More expensive inverters (more than $1,000) are designed to operate in an efficient and safe manner continuously, even under less-than-ideal conditions. These inverters are designed for permanent installation and are compliant with both NEC and UL requirements. Because they include more protective and safety systems, they are larger and heavier than inexpensive inverters. They are well worth the extra cost when the application requires an efficient, reliable, and safe source of AC power.
Expensive inverters almost always include DC-to-AC isolation, which meets NEC and UL requirements and allows them to be used with GFCI circuits safely. They are also nearly all listed to one of the UL standards—either UL 1741 (for residential and commercial RE systems) or UL 458 (for RV and boat systems). Standards testing may be done by one of several nationally recognized testing laboratories such as UL, ETL, CSA, or TUV.
Expensive battery-based inverters often include additional features and capabilities, such as battery chargers, AC transfer switches, metering, load and generator control outputs, and even data logging and networking connectivity. Not all expensive inverters are the same—some produce smoother AC output wave forms, which makes them more suitable for powering sensitive loads such as electronics (TVs, computers, laser printers, etc.). Review the specifications carefully before selecting and purchasing one. Fortunately, the manufacturers of expensive inverters typically provide good user and installation manuals, as well as customer support and longer warranties.
High-performance inverters are optimized for specific applications—there is no universal “one-size-fits-all” inverter. The range of inverter applications can be divided up into four categories:
It is important that the inverter you select is designed for the application for which it is being used. Otherwise, poor reliability and performance may occur and unsafe situations may result, which could damage the inverter or endanger the system’s users or utility workers.
OFF-GRID. All off-grid inverters work with a battery bank that provides power, even when it is not sunny or windy. These inverters are typically able to work with multiple sources of power—solar, wind, hydro, and engine-generators—even at the same time.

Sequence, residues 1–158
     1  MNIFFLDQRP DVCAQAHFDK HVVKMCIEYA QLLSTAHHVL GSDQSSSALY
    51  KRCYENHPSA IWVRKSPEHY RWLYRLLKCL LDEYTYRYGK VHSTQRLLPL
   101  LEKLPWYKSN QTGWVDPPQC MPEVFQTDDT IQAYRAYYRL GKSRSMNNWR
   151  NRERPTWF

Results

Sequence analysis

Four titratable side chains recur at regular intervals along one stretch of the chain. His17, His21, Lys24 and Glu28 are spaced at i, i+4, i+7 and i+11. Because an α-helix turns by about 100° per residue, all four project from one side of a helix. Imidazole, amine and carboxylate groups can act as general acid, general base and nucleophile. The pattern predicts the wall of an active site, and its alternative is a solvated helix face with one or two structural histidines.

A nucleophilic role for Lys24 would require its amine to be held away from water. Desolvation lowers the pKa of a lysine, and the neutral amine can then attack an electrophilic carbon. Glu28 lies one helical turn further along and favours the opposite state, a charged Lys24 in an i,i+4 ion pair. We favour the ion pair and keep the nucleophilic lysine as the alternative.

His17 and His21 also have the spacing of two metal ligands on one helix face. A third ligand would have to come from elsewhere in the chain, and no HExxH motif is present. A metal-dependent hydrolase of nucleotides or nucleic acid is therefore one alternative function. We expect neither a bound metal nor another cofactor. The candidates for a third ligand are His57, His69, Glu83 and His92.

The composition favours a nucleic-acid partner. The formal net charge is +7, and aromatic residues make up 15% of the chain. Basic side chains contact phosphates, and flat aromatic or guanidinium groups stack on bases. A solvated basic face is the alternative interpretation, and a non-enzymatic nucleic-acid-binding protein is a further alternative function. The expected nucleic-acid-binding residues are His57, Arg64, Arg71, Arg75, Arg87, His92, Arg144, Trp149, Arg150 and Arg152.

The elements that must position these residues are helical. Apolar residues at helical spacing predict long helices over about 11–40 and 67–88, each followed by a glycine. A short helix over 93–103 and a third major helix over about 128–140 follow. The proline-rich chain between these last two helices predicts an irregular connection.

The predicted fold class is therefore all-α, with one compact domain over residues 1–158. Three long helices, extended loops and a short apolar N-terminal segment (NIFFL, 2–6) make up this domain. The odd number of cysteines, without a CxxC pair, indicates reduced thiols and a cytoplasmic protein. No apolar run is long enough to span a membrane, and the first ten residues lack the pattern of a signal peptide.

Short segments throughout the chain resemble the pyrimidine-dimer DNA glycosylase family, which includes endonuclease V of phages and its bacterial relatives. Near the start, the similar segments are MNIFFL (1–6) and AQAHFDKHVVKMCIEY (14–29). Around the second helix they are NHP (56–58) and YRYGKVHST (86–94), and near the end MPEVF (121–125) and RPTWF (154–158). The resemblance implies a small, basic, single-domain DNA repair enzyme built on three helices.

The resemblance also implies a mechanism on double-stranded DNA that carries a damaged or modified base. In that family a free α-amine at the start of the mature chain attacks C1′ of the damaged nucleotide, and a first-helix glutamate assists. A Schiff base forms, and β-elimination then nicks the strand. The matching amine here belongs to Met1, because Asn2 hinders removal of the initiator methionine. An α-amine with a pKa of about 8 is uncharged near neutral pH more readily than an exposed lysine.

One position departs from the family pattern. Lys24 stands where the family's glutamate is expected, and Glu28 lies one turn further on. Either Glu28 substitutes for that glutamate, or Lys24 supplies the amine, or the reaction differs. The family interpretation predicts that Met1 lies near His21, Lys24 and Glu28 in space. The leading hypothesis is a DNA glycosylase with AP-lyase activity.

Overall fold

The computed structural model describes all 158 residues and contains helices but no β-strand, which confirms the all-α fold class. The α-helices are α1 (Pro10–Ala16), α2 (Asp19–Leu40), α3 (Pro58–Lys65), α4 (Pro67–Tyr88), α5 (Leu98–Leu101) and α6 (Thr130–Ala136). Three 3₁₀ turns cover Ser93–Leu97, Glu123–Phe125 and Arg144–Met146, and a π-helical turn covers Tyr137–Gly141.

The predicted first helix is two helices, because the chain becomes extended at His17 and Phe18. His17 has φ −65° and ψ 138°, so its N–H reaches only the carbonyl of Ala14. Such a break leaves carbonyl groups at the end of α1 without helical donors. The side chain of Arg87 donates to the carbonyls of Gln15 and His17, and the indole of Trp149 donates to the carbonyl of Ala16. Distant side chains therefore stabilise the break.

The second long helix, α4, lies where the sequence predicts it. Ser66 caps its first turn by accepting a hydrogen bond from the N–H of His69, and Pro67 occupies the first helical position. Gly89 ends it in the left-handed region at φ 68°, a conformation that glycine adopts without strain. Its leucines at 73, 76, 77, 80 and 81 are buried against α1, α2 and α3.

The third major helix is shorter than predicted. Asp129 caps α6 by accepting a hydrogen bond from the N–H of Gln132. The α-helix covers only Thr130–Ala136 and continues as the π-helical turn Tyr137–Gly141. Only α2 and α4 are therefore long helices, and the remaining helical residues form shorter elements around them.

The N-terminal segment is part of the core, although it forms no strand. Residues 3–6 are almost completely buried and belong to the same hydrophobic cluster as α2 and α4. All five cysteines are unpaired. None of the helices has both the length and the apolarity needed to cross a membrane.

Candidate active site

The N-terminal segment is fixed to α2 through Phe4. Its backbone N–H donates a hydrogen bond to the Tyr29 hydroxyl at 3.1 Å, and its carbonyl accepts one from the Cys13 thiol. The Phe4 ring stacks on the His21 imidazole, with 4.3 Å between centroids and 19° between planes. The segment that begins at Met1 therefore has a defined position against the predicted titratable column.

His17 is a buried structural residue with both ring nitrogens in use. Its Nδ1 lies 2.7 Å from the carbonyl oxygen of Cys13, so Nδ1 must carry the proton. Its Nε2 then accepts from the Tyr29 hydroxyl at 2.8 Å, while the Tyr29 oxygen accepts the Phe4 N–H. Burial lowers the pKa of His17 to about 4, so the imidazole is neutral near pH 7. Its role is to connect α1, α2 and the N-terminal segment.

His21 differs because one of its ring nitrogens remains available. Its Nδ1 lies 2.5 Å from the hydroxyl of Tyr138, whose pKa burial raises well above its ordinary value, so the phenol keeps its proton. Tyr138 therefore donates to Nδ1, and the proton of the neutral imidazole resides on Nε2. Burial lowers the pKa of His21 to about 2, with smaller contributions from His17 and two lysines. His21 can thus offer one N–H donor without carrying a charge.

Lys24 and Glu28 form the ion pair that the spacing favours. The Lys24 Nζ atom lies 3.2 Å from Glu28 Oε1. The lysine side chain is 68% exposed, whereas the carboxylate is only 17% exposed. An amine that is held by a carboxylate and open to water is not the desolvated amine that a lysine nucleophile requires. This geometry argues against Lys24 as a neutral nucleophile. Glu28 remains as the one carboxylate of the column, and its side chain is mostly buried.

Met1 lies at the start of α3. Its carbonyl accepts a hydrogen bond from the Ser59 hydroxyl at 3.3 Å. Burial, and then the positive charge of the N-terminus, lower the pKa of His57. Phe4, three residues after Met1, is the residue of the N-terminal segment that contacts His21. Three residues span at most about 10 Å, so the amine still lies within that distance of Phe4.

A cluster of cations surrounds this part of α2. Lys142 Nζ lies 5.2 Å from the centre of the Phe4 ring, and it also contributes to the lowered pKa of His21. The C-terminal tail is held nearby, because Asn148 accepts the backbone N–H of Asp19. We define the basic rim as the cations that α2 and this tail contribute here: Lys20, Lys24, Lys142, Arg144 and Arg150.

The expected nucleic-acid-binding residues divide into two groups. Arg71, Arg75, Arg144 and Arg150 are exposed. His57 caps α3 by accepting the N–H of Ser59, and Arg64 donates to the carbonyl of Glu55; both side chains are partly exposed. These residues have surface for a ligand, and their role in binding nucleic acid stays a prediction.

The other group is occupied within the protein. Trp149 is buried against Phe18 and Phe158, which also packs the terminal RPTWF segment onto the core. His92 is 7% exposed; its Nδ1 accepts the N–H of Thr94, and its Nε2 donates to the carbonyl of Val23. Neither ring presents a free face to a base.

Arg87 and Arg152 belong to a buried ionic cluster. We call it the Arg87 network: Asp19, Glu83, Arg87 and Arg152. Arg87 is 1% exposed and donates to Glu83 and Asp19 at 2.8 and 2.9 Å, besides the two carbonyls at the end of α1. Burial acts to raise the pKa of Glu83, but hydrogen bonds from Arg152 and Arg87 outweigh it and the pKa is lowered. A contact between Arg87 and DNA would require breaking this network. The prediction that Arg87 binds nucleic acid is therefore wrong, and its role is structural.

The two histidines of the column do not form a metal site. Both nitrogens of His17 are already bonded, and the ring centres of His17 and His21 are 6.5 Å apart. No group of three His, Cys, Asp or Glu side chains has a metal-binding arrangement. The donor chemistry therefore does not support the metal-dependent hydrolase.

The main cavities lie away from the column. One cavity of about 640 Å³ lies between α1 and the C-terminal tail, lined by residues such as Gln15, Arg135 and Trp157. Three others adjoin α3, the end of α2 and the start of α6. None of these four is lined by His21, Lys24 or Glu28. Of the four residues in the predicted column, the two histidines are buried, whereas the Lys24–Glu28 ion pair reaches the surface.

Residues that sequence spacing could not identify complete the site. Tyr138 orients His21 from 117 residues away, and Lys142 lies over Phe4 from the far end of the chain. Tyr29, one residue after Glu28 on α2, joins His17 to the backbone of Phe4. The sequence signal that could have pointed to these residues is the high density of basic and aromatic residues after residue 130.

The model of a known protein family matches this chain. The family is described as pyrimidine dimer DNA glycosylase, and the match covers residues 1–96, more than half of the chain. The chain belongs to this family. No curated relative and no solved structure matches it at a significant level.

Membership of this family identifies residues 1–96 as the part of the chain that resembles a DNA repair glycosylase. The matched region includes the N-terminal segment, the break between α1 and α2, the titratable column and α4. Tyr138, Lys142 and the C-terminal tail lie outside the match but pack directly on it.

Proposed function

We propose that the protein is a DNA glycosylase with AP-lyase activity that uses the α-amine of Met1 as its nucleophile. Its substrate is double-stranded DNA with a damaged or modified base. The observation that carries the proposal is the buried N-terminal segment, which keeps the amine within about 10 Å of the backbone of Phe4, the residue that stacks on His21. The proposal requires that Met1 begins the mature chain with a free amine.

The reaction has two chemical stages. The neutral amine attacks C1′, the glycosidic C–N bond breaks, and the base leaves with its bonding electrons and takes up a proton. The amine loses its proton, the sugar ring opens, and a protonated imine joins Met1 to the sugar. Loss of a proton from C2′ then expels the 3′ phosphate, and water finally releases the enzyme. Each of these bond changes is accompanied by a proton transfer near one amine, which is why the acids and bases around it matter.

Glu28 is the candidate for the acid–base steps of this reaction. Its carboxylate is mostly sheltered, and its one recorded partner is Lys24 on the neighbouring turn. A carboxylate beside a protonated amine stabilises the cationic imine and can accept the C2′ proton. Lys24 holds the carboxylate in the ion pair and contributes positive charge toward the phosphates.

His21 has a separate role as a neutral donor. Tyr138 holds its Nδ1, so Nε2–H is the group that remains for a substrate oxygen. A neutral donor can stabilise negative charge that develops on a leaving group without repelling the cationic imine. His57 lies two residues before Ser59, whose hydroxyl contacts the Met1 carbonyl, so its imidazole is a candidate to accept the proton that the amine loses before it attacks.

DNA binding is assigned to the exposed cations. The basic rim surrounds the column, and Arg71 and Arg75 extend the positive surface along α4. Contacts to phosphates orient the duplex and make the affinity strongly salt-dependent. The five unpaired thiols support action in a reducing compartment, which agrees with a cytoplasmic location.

AC wave form. Off-grid inverters are available with a variety of AC output wave forms. Today, most home and commercial power systems use sine wave inverters for sensitive loads. Many of the smaller systems (for cabins or other locations that do not have sensitive loads) still use modified square wave inverters since the cost is lower.
Power rating. Because an off-grid inverter usually has to provide all the power required by the AC loads, its power rating is a critical factor. Fortunately, off-grid inverters include detailed information describing their continuous power as well as short-term “surge” capabilities.
Surge power. The inverter’s surge power rating is its ability to provide high power levels for short periods of time (seconds) when certain loads—typically, AC motors, such as well pumps or power tools—are started.
Conversion efficiency. This is how much of the power consumed by the inverter is actually available to power the AC loads. Inverter efficiency can range from 70% to up to 96%. The actual performance depends on the amount of AC loads being powered and the type of wave form provided. Efficiency is typically the worst at very low power levels (less than 100 W) and best at about 25% to 50% of the inverter’s continuous power rating.